BREEF: Educating for the Future of the Oceans
This past December, Zsolt Agárdy was a benefactor at the bi-annual fundraising event of the BREEF foundation making a significant contribution to the organization. If you’ve ever been to the Bahamas, you understand how vital its marine environment is not only within the ecosystem, but for all Bahamian culture. BREEF, or the Bahamas Reef Environmental Education Fund, aspires to educate people about the value of the Bahamian marine environment and the need to conserve it for the future.
The marine health of the islands sustains life itself in the Bahamas. As leaders in marine conservation, BREEF understands a complex network of environmental, economic, and cultural relationships. The organization was founded almost single-handedly in 1993 by the late Sir Nicholas Nuttall in order to address the conservation of Bahamian waters. He instituted an annual summer workshop to train educators; this workshop has become the flagship program of its kind in the country. Conservation only succeeds if younger generations understand the importance of their actions in the natural environment. BREEF acknowledges this, and the organization has a proud legacy of fostering environmental stewardship in communities. For students in the K-12 curriculum, BREEF ensures that its workshops meet national science and social science requirements by working in conjunction with public educators and industry partners.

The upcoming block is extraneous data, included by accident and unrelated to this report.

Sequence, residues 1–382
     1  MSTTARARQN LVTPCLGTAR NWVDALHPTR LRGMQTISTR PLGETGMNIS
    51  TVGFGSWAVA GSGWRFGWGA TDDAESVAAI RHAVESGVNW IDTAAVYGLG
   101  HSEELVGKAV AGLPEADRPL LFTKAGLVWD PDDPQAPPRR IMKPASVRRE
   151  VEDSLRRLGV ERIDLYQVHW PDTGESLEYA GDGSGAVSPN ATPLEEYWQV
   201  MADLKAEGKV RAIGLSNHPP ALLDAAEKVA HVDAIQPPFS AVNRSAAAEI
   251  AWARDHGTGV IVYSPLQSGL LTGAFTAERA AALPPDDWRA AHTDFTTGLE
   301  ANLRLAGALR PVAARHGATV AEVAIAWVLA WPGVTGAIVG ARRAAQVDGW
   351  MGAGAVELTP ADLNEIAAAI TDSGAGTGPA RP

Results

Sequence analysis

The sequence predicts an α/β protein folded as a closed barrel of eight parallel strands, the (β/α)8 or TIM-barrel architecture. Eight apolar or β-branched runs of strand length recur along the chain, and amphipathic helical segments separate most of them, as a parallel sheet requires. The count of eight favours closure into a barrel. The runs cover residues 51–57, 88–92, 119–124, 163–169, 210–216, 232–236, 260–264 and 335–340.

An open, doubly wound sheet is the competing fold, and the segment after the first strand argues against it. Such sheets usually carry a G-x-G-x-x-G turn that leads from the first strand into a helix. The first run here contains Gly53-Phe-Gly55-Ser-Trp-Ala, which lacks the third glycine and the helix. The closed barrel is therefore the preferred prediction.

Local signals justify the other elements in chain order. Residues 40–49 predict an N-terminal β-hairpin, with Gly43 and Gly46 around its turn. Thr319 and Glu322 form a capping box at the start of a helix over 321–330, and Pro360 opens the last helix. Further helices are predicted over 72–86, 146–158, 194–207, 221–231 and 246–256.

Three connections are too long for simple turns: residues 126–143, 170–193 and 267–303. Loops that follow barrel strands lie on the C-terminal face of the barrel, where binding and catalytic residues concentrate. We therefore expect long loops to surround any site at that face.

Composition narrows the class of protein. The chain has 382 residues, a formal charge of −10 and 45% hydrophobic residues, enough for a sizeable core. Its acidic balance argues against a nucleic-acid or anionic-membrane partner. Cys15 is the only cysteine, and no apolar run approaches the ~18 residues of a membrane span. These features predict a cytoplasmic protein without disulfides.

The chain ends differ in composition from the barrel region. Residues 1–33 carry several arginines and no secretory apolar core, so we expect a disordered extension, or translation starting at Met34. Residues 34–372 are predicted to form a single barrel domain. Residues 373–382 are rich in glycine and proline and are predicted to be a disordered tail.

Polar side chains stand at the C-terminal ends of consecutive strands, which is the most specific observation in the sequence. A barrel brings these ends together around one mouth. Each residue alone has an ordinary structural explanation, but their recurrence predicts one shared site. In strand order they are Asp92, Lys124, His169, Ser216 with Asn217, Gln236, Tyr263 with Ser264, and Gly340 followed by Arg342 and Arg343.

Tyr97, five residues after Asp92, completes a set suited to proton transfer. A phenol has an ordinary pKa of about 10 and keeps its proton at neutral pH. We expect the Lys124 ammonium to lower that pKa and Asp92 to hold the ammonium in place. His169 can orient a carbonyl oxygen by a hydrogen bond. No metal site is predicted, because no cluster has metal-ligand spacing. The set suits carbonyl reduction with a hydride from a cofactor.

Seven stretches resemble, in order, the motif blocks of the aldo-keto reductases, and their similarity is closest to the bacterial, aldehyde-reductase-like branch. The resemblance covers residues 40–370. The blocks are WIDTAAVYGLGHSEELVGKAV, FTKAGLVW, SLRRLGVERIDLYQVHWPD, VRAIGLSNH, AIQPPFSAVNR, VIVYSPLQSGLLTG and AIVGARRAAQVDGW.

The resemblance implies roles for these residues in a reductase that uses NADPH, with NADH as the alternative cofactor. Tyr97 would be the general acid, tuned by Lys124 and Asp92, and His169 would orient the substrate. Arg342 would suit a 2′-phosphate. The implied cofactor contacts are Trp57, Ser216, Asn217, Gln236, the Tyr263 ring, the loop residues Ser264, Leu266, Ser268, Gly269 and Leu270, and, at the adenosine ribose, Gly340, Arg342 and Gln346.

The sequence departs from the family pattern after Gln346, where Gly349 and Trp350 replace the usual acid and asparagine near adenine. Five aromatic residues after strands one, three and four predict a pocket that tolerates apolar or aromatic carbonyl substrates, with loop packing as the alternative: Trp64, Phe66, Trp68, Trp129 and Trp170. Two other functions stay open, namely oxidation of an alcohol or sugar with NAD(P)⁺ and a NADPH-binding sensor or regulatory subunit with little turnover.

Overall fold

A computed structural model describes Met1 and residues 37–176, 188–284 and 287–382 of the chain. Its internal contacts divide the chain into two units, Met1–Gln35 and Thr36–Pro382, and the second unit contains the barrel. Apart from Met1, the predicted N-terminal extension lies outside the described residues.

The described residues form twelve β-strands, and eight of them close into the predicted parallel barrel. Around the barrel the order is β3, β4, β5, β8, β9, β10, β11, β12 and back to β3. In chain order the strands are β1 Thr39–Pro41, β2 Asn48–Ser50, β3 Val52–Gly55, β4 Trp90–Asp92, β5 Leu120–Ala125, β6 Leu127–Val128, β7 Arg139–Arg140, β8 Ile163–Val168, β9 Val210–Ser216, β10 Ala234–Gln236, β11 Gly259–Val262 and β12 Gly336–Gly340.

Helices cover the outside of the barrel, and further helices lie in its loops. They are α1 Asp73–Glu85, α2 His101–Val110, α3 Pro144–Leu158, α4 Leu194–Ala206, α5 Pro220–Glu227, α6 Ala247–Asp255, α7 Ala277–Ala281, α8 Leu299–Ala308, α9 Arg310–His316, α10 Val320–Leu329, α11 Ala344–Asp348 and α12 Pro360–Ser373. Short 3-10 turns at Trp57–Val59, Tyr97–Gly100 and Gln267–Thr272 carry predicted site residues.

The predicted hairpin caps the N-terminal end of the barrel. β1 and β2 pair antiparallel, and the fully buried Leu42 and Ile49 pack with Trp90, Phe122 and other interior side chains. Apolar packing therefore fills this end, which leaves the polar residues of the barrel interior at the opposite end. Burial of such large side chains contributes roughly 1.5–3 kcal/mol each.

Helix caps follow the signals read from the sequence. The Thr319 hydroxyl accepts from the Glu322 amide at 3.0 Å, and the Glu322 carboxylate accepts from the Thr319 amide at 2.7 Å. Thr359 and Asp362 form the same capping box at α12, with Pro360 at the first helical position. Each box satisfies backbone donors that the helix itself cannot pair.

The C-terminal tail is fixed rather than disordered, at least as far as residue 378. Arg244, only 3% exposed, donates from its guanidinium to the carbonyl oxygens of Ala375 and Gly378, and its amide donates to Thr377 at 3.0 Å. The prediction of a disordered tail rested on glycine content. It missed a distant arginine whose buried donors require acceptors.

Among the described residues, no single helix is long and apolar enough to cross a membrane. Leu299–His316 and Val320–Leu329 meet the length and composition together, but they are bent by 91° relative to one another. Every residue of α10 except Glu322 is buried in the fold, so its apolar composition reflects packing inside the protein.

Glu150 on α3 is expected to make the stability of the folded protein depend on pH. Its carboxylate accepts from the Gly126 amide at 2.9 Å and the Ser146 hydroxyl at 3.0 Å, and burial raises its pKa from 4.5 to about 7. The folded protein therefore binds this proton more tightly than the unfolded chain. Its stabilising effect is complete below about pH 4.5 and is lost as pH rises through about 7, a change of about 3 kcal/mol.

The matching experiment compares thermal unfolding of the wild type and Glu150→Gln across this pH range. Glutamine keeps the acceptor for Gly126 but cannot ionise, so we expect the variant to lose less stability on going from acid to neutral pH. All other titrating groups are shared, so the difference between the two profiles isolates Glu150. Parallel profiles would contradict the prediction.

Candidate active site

BREEF strives to retain children’s relationship after high school and through their professional careers. One program they have to achieve this goal is the BESS Program (Bahamas Environmental Steward Scholars), in which pre-university students spend an academic semester at The Cape Eleuthera Island School before a four-month paid internship with BREEF.
Zsolt Agárdy can’t escape the wonders of the ocean when boating around the Bahamas. Here are some reef sharks he encountered while boating with Ania and friends. There are a high population of these sharks in Caribbean waters. This contributes to a profitable but problematic tourism event in the region; organized “shark feeds.” This involves groups of reef sharks, that are baited to swim toward groups of divers and swim around in a spectacular frenzy. A single living Caribbean reef shark has a valued up to US$40,000 for these events, leading to a profit of nearly 6 million US dollars per year!
BREEF does more than educate students in school; it’s outreach extends to all members in the community. Last year, they unveiled a magnificent underwater “living” art gallery, the first of its kind, named, Sir Nicholas Nuttall Coral Reef Sculpture Garden. Not only does it provide a natural habitat for marine creatures, but it celebrates the harmony of the ocean floor with works from world-renowned artists.
So how can you get involved? All donations go to further fueling BREEF’s conservation, education, and relief efforts. Just last month, Louis Bacon’s Moore Bahamas Foundation announced a substantial share of its $250,000 will go towards the support of schools affected by Hurricane Joaquin.